1. Sign our petition calling on Cochrane to withdraw their review of Exercise Therapy for CFS here.
    Dismiss Notice
  2. Guest, the 'News in Brief' for the week beginning 4th December 2023 is here.
    Dismiss Notice
  3. Welcome! To read the Core Purpose and Values of our forum, click here.
    Dismiss Notice

The kynurenine pathway relates to post-acute COVID-19 objective cognitive impairment and PASC, 2023, Cysique et al

Discussion in 'Long Covid research' started by EndME, Aug 16, 2023.

  1. EndME

    EndME Senior Member (Voting Rights)

    The kynurenine pathway relates to post-acute COVID-19 objective cognitive impairment and PASC



    To determine the prevalence and natural history of post-acute COVID-19 objective cognitive impairment and function, and their relationship to demographic, clinical factors, post-acute sequelae of COVID-19 (PASC), and biomarkers.

    A total of 128 post-acute COVID-19 patients (age = 46 ± 15; 42% women, acute disease severity: not hospitalized: 38.6% mild: 0–1 symptoms, 52% 2+ symptoms; 9.4% hospitalized) completed standard cognition, olfaction, and mental health examinations 2-, 4-, and 12-month post diagnosis. Over the same time frame, WHO-defined PASC was determined. Blood cytokines, peripheral neurobiomarkers, and kynurenine pathway (KP) metabolites were measured. Objective cognitive function was demographically/practice corrected, and impairment prevalence was determined using the evidence-based Global Deficit Score method to detect at least mild cognitive impairment (GDS > 0.5). Linear mixed effect regression models with time effect (month post diagnosis) evaluated the relationships to cognition.

    Across the 12-month study period, mild to moderate cognitive impairment ranged from 16% to 26%, and 46.5% were impaired at least once. Impairment associated with poorer work capacity (p < 0.05), and 2-month objectively tested anosmia (p < 0.05). PASC with (p = 0.01) and without disability (p < 0.03) associated with acute COVID-19 severity. KP measures showed prolonged activation (2 to 8 months) (p < 0.0001) linked to IFN-beta in those with PASC. Of the blood analytes, only the KP metabolites (elevated quinolinic acid, 3-hydroxyanthranilic acid, kynurenine, the kynurenine/tryptophan ratio) associated (p < 0.001) with poorer cognitive performance and greater likelihood of impairment. PASC, independent of disability associated with abnormal kynurenine/tryptophan (p < 0.03).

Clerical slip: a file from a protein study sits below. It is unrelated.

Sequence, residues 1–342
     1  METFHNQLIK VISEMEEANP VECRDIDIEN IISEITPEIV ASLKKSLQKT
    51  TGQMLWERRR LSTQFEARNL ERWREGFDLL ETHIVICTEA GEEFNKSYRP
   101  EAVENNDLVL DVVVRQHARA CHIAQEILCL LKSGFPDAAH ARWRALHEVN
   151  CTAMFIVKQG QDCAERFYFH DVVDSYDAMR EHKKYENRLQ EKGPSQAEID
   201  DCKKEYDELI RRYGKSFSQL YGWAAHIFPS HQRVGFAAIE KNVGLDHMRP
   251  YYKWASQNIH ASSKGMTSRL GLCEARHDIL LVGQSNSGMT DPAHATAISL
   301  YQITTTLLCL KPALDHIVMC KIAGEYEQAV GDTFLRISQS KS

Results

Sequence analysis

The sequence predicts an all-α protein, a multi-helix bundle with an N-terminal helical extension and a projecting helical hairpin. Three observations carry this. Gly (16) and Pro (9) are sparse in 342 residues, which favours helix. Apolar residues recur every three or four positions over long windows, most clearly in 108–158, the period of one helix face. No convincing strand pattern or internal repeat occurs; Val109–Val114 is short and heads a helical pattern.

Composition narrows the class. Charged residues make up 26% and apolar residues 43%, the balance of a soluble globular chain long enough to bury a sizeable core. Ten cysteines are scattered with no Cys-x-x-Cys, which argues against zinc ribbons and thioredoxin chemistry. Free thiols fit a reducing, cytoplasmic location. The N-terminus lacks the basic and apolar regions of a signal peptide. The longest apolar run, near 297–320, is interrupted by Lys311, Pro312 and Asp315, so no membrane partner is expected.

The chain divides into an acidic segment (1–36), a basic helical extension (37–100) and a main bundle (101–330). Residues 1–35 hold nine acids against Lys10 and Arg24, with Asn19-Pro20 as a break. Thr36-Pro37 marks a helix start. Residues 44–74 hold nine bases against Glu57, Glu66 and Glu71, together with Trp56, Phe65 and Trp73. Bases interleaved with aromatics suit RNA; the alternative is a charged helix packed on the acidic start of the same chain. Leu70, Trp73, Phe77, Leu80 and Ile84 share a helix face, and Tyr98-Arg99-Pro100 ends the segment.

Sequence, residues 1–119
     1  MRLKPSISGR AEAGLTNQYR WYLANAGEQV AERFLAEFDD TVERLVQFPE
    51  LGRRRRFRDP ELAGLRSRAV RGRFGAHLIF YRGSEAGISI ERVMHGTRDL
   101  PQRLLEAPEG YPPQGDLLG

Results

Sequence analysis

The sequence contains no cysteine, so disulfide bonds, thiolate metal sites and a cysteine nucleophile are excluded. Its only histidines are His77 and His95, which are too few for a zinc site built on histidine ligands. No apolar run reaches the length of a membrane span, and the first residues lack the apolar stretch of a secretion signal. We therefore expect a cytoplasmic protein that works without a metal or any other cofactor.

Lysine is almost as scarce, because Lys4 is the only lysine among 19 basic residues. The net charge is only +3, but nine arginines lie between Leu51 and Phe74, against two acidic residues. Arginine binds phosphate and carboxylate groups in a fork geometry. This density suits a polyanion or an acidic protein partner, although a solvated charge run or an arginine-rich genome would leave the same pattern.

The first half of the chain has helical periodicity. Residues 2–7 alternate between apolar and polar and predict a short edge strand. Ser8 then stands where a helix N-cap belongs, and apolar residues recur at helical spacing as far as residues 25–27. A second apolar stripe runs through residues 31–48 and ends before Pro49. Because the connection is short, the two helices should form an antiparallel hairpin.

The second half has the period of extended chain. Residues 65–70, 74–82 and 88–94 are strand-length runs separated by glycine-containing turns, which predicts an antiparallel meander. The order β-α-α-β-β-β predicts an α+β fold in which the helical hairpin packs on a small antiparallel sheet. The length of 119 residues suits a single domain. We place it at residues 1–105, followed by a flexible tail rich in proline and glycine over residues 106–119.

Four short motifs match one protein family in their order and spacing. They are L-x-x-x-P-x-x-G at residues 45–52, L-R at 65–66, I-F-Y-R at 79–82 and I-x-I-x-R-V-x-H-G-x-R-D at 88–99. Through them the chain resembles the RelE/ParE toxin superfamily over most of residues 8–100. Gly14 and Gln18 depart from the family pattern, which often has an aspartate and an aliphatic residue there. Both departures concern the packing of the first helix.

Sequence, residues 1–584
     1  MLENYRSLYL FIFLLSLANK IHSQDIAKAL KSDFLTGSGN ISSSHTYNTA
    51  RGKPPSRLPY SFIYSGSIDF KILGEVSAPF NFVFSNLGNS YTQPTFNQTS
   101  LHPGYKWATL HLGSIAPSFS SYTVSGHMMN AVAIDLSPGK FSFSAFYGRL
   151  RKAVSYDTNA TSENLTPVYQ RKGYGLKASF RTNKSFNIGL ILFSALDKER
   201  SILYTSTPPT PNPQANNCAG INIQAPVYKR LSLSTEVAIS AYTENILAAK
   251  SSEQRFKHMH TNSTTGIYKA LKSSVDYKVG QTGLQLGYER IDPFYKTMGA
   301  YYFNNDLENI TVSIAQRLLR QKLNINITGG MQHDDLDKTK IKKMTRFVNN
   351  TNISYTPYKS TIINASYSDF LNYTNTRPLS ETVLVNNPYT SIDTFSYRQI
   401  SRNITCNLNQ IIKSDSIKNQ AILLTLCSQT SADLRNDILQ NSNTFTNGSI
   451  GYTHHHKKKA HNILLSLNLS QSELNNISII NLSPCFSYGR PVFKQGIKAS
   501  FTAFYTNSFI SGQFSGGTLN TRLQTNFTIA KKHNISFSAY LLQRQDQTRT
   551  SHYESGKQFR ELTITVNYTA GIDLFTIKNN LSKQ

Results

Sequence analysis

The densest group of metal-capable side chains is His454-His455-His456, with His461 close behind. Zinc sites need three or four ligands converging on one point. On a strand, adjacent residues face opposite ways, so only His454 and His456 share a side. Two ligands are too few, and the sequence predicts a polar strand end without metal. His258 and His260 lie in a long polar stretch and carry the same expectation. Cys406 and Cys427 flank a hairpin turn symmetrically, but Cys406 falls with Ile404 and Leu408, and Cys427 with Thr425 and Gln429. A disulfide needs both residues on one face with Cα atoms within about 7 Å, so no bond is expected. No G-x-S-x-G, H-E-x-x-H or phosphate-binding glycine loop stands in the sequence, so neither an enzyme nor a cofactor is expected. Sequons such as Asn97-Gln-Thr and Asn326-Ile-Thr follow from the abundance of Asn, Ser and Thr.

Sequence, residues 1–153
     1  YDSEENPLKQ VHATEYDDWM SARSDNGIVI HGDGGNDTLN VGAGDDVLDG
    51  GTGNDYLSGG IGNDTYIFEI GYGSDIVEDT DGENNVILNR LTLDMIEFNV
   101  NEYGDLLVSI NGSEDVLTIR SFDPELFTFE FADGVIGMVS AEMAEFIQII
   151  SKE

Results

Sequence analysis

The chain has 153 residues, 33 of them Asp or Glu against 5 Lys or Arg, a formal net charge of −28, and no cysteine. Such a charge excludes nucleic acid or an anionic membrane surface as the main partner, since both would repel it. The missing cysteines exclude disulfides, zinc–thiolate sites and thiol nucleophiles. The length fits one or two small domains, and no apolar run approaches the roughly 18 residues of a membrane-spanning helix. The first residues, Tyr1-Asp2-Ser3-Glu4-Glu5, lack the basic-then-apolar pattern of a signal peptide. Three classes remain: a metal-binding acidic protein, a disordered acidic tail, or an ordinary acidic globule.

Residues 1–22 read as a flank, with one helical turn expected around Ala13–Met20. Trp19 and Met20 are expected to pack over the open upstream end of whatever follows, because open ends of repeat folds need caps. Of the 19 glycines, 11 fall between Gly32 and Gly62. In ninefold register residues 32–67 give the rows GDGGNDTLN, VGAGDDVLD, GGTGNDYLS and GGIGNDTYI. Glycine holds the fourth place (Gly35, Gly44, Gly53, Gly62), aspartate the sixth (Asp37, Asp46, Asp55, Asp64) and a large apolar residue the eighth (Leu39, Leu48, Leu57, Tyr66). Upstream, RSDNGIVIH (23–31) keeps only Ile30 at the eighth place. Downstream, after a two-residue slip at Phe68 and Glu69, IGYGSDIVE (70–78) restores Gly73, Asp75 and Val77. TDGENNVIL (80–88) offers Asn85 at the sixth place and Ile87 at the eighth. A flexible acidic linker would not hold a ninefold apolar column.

The kynurenine pathway relates to post-acute COVID-19 objective cognitive impairment and PASC, thereby enabling biomarker and therapeutic possibilities.

    https://onlinelibrary.wiley.com/doi...bling biomarker and therapeutic possibilities.

    Some news reports: https://newsroom.unsw.edu.au/news/s...rain-fog?utm_source=twitter&utm_medium=social & https://www.disabilitysupportguide.com.au/talking-disability/why-some-people-get-long-covid
    Dolphin, RedFox, Hutan and 1 other person like this.
  2. RedFox

    RedFox Senior Member (Voting Rights)

    They found an increased ratio of kynurenine to tryptophan, the opposite of what Ron Davis's metabolic trap hypothesis would predict.

Share This Page